In 2022, more than 7 million Ukrainians joined a historically large global refugee population—many from crises that have continued for years. In 2021, Syria, South Sudan, and Venezuela together accounted for roughly 60% of refugees under UNHCR’s mandate, and the number of displaced Afghans rose sharply over the last year.
The United States and other donor countries must step up
Refugee resettlement is a global issue and the international community’s collective responsibility. In 2023, more than 2 million refugees are projected to be in need of immediate resettlement—an increase of 36% from 2022.
Refugee resettlement has historically received bipartisan support in the United States. Yet, in recent years, resettlement has become a politically contentious issue. The previous U.S. administration made dismantling refugee resettlement a cornerstone of its isolationist foreign policy, cutting the Presidential Determination by 86%—from 110,000 under the Obama Administration to 15,000 in fiscal year 2021.
The long-term consequences of this politicization have been far-reaching. For fiscal year 2022, the Biden Administration set a refugee admissions goal of 125,000. While over 100,000 Afghans and Ukrainians arrived in the United States under temporary humanitarian parole in the past year, as of August 31, only 19,919 refugees have been resettled under the U.S. Refugee Admissions Program. For fiscal year 2023, President Biden has again proposed a refugee admissions ceiling of 125,000.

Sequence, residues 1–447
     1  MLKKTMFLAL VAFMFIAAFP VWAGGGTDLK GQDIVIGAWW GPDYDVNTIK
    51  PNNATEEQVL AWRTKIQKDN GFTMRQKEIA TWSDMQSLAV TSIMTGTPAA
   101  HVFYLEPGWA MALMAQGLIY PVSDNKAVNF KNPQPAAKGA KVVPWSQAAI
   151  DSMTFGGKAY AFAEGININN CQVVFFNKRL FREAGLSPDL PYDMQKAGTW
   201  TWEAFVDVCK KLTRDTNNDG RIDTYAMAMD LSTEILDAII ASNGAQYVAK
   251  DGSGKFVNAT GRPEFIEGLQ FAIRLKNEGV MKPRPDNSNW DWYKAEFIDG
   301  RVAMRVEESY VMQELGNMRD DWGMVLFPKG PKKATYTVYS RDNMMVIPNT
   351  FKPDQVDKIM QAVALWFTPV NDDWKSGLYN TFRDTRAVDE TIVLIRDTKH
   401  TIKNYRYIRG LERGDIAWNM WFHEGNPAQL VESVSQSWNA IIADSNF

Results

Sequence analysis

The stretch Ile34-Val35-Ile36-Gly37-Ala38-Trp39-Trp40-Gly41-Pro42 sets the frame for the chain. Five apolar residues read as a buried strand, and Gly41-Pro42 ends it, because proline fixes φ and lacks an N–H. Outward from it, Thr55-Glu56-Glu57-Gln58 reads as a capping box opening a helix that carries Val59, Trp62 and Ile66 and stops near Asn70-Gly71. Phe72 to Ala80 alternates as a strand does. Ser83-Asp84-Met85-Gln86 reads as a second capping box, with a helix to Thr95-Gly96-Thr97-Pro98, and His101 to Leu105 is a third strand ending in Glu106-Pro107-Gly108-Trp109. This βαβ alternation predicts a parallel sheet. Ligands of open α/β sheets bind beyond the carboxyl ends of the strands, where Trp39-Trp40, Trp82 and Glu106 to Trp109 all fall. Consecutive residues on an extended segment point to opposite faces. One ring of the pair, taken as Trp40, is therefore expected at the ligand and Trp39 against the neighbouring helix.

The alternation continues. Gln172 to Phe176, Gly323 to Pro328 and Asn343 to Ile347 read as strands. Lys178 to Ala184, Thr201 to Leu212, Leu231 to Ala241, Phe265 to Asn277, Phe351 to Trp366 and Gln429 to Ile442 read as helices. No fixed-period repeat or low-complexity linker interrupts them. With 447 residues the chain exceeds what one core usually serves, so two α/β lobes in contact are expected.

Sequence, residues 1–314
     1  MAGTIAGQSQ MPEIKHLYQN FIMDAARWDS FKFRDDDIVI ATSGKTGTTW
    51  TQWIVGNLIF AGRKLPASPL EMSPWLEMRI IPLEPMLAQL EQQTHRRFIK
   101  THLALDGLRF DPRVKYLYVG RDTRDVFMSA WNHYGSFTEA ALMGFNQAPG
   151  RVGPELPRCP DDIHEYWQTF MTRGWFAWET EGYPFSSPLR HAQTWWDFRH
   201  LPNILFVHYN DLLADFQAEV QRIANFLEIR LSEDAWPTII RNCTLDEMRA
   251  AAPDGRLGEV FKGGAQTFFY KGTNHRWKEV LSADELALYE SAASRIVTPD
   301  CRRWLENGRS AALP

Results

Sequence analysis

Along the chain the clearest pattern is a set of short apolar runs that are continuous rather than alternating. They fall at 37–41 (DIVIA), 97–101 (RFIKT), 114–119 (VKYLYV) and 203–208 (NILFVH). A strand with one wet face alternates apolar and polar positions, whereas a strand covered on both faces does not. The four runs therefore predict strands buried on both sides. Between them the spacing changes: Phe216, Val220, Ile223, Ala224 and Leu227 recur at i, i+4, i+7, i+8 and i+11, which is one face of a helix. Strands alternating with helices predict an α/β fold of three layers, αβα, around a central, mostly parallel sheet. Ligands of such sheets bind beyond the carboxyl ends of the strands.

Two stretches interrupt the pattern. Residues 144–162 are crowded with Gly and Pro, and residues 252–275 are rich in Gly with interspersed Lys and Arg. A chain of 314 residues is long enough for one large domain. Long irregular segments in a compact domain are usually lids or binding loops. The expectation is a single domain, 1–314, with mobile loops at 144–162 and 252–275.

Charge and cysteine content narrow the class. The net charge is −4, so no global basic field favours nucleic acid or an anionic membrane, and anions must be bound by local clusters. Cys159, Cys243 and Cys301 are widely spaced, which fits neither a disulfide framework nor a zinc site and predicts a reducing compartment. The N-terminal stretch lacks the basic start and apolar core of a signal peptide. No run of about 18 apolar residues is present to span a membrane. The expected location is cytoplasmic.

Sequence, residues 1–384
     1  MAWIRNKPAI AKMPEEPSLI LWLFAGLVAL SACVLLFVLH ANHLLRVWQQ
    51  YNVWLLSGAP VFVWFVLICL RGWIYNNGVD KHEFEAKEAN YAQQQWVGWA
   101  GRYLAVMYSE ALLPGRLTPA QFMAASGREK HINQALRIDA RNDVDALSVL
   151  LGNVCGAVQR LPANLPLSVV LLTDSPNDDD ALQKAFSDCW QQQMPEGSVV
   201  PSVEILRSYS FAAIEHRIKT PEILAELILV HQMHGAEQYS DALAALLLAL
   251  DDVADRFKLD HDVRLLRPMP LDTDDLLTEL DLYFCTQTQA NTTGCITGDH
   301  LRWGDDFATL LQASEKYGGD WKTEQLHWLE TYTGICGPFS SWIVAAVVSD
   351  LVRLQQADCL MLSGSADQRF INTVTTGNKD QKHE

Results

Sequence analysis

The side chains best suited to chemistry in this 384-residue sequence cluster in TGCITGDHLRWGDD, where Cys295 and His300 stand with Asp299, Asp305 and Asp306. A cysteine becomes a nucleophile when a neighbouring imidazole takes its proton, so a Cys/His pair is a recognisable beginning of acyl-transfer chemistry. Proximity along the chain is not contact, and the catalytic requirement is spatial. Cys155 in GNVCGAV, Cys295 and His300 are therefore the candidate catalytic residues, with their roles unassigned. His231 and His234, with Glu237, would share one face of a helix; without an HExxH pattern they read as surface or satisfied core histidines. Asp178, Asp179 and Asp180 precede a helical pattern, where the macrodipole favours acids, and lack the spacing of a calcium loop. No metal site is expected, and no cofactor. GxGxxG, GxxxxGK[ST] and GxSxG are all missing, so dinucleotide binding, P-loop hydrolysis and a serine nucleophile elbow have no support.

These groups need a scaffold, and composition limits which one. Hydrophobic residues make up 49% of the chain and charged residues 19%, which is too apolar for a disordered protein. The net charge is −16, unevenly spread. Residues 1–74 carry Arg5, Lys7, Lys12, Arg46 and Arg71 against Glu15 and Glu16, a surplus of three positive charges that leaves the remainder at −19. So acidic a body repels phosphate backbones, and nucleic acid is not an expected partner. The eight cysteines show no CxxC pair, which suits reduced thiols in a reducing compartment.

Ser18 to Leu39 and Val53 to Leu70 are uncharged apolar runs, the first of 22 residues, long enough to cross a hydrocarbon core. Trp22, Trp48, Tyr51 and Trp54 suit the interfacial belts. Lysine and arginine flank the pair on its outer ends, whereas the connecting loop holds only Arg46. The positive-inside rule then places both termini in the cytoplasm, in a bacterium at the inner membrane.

The Biden Administration has shown its commitment to a humanitarian agenda as the largest contributor to annual humanitarian assistance—accounting for roughly 47% of global humanitarian spending in 2022. Still, demonstrating global leadership means leading at home too.
Moving forward, the Biden Administration must cement progress toward rebuilding an efficient and welcoming resettlement process. InterAction and Refugee Council USA support the administration’s private sponsorship schemes for Afghans and Ukrainians as an additive to the U.S. Refugee Admissions Program (USRAP). Still, we call on the administration to prioritize rebuilding and strengthening the USRAP.
The United States must lead at U. N. General Assembly (UNGA) and the Global Refugee Forum
InterAction and Refugee Council USA urge the Biden Administration to use UNGA77, the Global Compact on Refugees, and the Global Refugee Forum to reclaim its global leadership role in refugee protection and resettlement. The United States must match its vision for refugee resettlement with the ambition and resources needed to uphold its commitments.
At the UNHCR High-Level Officials meeting in 2021, the United States committed to building back its resettlement capacity and infrastructure in pursuit of improved global outcomes, and to engaging refugees in the process meaningfully.
Now, it must take concrete steps to put commitments into practice.
The U.S. should establish a clear timeline to scale up resettlement through the USRAP, including improvements to health and security screenings, and encourage other donor countries at UNGA to follow up on existing commitments with new pledges under the Global Compact on Refugees.
Additionally, the U.S. should continue to ensure that refugees are meaningfully engaged in identifying priorities and contributing to the solutions that advance the U.S. commitment to protection and resettlement.
We call on the United States to lead by example and exercise its influence in the international arena to encourage other countries to step up efforts to welcome refugees, treat asylum-seekers with dignity, and jointly advance the principles of the Global Compact on Refugees. InterAction, Refugee Council USA, and our combined 200+ Member organizations look forward to working with the U.S. government in the leadup to the December 2023 Global Refugee Forum to advance these aims.